Patriotic honor students aren’t the only beneficiaries of Obama’s executive order
Last year, the Obama administration tried to block the execution of Humberto Leal Garcia. In 1994, at age 21, Leal kidnapped, murdered and raped a 16-year-old girl named Adria Sauceda. There was never much doubt as to Leal’s guilt, and the administration did not oppose the execution on the grounds that Leal was innocent or even that he did not receive a fair trial. Rather, administration officials were worried that executing him would “seriously jeopardize” relations with Mexico. According to the administration’s brief, since Leal was a “Mexican national,” he should have been offered assistance from the Mexican consulate when first arrested. The Supreme Court rejected this argument, and Leal met his maker on July 7, 2011.
Leal’s execution immediately came to my mind when I heard Obama’s speech justifying his unconstitutional DREAM Act executive order, which will grant work permits and deportation stays to illegal immigrants who were brought here by their parents at a young age (though you can be sure there will be plenty of loopholes).
According to Obama, these “DREAMers” are really just Americans who lack paperwork:
They pledge allegiance to our flag. They are Americans in their heart, in their minds, in every single way but one: on paper. They were brought to this country by their parents — sometimes even as infants — and often have no idea that they’re undocumented until they apply for a job or a driver’s license, or a college scholarship.
What does this have to do with Humberto Leal Garcia? Like these “DREAMers,” Leal was brought to this country as an infant by his parents. Obama’s amnesty will grant legal status to illegal immigrants who have been convicted of two misdemeanors. Leal had graduated from an American high school and, although another girl came forward to say that Leal had raped her after he was arrested for Adria Sauceda’s murder, he had never been in any prior legal trouble.
In other words, he would have been a prime candidate for Obama’s executive-order amnesty.
But if Leal pledged allegiance to the flag and was an American in his heart and mind, why would he need to speak to Mexican consulate officials? Why did the administration try to grant him special rights not granted to Americans?
Of course, like many illegal immigrants, Leal was not an American in his heart or mind. His last words before his execution were “Viva Mexico” and his family members went to Mexico to burn American flag T-shirts (apparently they could not find the real thing) in protest of his execution.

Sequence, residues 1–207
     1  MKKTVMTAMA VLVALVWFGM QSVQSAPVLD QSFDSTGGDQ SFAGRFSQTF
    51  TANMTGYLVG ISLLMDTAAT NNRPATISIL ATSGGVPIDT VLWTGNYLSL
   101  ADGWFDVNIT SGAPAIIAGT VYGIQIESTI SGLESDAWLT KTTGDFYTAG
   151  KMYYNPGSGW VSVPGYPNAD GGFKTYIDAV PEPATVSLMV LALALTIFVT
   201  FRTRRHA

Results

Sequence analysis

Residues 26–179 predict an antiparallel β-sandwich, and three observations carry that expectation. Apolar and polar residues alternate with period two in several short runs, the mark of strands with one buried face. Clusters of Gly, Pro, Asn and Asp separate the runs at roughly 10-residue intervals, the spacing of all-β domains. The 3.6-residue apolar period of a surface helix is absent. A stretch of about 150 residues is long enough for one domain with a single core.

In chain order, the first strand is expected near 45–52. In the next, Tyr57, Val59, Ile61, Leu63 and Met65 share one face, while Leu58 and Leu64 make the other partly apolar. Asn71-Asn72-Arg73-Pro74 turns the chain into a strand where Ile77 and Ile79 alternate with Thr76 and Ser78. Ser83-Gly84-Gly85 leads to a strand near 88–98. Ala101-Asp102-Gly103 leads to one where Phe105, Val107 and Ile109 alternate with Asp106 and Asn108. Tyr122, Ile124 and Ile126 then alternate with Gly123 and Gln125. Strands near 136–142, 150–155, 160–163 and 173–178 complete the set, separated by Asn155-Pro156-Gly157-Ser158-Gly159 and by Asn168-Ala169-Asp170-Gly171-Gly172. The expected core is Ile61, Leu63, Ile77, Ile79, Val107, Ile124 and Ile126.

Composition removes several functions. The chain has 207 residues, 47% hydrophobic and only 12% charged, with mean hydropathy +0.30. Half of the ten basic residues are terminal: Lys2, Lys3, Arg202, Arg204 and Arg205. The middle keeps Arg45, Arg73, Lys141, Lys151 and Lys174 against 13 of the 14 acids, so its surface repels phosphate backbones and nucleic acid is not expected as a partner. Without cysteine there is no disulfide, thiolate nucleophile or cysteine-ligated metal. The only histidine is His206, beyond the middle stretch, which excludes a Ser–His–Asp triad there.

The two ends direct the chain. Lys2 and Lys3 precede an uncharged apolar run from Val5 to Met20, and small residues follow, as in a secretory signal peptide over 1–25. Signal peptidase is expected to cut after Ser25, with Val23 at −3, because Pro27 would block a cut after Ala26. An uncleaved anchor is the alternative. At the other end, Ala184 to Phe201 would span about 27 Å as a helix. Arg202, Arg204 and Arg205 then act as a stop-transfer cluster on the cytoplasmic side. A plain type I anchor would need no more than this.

Not every illegal immigrant who will benefit from Obama’s executive order is an anti-American murderer like Humberto Leal Garcia. But at the same time, they are not all patriotic honor students like President Obama and the liberal media would like us to believe.
Ten years ago I went from a little-known second-term congressman to the most outspoken opponent of illegal immigration in Congress when the Denver Post ran a sob story about an illegal immigrant honor student named Jesus Apodaca. The Mexican consulate in Denver planted the story to build support for a bill that would have given Colorado’s illegal immigrants in-state tuition, a privilege denied U.S. citizens from other states. I contacted the Immigration and Naturalization Service and asked if they planned to do anything when the name, picture and high school of a self-professed illegal immigrant was published on the cover of a major newspaper.
When word got out, the media and politicians began ranting about how insensitive and heartless I was to demand that the law be enforced. However, Americans from across the country called my office thanking me for finally sticking up for the rule of law.
I truly feel compassion for people like Jesus Apodaca and the other “DREAMers” who were brought here as children. However, I also feel compassion for the millions of young Americans who are struggling to get into ever-more expensive and selective colleges who will now have to compete against illegals who are eligible for affirmative action and in-state tuition. I feel compassion for the millions of unemployed and lower-income Americans who are competing for jobs with lower wages due to illegal immigration. Most of all, I feel compassion for the families of Adria Sauceda and the thousands of other victims of violent crime committed by illegal immigrants.
Tom Tancredo represented Colorado’s 6th Congressional District from 1999 until 2009. While in Congress, he chaired the bipartisan, 100-plus-member Immigration Reform Caucus. He currently serves as chairman of Team America PAC and The Rocky Mountain Foundation.